Besides the marketing edge, selling your home with an assumable loan can be easier in certain ways. For one, most loan assumptions don’t require a VA appraisal, so this is one fewer contingency you’ll need to deal with. The VA appraisal takes time (typically at least two weeks) and can sometimes entail repairs that the lender requires before settlement, so being able to skip the VA appraisal does streamline the process and reduces stress.
However, although the VA doesn’t require home inspections, you may still have this contingency depending on the buyer’s needs.
The Cons of Selling a VA Loan Home
Tying Up Your VA Entitlement
Despite its advantages, selling your home with an assumable VA home loan can also be tricky. For one thing, if the buyer does not have their own VA loan entitlement, then your VA entitlement will be tied to the property until that buyer eventually sells it. And of course, you’ll have no control over this – there’s no way to restrict how long your buyer keeps your assumed VA mortgage, so it could be years or decades before that entitlement is restored.
Depending on how much VA entitlement you have left, this could limit your ability to make your next home purchase using your VA home loan benefits. Although you can purchase more than one property using your VA eligibility, the purchase limits vary depending on where in the county you’re buying.
To mitigate this issue, you would need to sell to a buyer who has their own VA entitlement and can substitute their entitlement for yours. This is essentially a VA entitlement swap, whereby the buyer is still assuming the balance and terms of your VA loan, but using their own eligibility to qualify instead of yours.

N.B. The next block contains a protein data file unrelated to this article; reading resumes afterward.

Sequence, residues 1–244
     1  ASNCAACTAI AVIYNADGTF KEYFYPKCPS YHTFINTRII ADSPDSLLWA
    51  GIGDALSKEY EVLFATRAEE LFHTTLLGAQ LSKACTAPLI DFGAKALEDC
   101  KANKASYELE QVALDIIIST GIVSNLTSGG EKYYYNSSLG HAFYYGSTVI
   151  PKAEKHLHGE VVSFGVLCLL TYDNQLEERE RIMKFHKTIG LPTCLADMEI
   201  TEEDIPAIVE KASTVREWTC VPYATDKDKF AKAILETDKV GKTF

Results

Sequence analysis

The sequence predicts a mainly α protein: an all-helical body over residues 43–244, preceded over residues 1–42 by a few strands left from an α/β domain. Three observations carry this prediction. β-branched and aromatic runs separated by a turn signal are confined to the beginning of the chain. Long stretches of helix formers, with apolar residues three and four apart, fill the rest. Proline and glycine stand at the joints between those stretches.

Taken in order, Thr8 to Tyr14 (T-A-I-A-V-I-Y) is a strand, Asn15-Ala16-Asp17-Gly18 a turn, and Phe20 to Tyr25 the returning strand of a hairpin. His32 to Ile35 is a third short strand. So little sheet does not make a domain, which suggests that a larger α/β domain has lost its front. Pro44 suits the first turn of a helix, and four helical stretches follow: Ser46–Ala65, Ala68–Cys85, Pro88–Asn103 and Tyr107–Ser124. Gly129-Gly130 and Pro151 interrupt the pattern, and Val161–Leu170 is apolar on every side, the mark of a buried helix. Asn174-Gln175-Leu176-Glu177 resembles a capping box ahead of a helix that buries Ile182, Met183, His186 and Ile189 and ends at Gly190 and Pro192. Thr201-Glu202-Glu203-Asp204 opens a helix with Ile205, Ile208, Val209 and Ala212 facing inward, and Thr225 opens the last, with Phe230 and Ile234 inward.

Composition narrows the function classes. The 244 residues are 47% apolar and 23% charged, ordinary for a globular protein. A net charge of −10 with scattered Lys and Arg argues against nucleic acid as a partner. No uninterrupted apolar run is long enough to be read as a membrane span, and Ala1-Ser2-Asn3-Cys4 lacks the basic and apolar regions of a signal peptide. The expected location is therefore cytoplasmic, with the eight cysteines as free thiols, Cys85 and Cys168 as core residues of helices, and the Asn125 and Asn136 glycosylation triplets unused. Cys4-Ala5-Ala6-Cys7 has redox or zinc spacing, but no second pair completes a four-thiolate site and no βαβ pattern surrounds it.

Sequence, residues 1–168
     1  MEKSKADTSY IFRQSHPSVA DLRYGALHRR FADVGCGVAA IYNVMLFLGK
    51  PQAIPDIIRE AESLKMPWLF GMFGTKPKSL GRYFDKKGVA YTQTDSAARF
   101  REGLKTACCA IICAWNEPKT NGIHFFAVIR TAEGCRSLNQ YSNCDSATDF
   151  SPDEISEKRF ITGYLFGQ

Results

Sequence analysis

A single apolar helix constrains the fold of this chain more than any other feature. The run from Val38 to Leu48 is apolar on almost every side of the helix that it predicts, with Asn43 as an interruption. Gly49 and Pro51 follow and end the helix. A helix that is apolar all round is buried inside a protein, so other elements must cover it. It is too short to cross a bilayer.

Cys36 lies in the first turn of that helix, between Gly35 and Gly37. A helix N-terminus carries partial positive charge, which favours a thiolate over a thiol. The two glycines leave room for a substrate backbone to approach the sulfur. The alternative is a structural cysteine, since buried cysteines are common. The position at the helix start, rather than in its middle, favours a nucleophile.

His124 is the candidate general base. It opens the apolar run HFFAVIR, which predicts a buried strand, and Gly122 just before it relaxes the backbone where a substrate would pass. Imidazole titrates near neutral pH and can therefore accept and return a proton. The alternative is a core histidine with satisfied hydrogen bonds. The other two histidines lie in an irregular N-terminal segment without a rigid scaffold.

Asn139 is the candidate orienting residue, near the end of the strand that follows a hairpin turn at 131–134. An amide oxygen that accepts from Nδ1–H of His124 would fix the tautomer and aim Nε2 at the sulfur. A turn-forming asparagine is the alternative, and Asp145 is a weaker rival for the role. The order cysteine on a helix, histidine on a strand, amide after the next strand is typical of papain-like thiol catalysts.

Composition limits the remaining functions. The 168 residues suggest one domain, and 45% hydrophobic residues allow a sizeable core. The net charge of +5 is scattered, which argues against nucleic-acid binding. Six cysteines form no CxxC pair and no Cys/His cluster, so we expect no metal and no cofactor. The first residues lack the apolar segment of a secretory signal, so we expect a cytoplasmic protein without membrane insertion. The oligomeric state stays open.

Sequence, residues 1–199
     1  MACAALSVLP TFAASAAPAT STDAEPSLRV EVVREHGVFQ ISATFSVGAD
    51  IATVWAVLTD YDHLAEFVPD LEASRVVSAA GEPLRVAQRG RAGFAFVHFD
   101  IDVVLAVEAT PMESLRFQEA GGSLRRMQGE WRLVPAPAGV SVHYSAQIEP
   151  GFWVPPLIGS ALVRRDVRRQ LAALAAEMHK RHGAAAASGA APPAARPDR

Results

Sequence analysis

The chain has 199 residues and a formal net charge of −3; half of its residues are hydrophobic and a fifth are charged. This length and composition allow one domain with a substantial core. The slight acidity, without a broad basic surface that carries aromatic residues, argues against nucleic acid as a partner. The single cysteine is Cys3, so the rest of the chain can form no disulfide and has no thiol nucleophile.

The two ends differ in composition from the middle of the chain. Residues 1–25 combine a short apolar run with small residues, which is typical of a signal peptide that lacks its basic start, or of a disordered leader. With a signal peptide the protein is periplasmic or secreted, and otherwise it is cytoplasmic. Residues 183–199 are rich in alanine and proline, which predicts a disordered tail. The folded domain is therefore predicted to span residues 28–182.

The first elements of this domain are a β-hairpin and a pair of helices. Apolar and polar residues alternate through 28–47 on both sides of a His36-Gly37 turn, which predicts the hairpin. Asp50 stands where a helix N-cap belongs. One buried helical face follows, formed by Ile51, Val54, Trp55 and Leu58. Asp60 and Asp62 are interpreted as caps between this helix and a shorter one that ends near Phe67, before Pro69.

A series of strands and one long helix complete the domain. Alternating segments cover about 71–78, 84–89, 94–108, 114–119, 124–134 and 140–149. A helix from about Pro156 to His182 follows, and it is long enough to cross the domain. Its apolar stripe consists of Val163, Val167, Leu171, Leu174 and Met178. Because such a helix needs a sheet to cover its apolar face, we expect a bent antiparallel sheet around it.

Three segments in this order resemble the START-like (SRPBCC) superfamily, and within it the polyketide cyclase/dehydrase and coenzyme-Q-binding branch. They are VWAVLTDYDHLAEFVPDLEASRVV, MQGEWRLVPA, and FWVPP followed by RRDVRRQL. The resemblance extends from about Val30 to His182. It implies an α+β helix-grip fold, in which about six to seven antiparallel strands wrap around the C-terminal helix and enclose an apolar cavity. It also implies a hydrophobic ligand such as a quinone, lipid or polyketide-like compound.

The only limitation with this is that the buyer must purchase your home as a primary residence, as the Department of Veterans Affairs doesn’t allow veterans to use their entitlement for investment properties.
Down Payment Requirement
Another potential challenge of a home sale with an assumable VA home loan is the amount of equity you currently have in the property. If you have already paid down a significant portion of your VA loan, and/or the property has appreciated significantly since you bought it, it may be difficult for a buyer to come up with the cash at closing.
For example, if you’re ten years into your VA loan term and have already paid down $100,000 of the balance, a buyer has to be able to pay this $100,000 as part of their down payment. Considering that many military families and service members use the VA loan program because it has no minimum down payment requirement, it may be difficult to find a buyer who wants to shell out this kind of cash.
For this reason, selling your home with an assumable VA home loan is often easier if you haven’t owned the home for very long and if you didn’t have a large down payment when you bought it. It will be simpler for a possible buyer to come up with the down payment if there isn’t much difference between the purchase price and the loan balance.
Time to Close
Another challenge of selling a house with an assumable VA home loan is that it can be time consuming. Most home loans (including new VA loans) close in 25-30 days, while a VA home loan assumption can take up to four months depending on the lender.
Different lenders have varying levels of ability to process loan assumptions. Some large lenders have entire assumption departments that exclusively deal with these types of loans, so their processing times might be as little as 30-45 days. But other lenders with little experience in these loans may take much longer.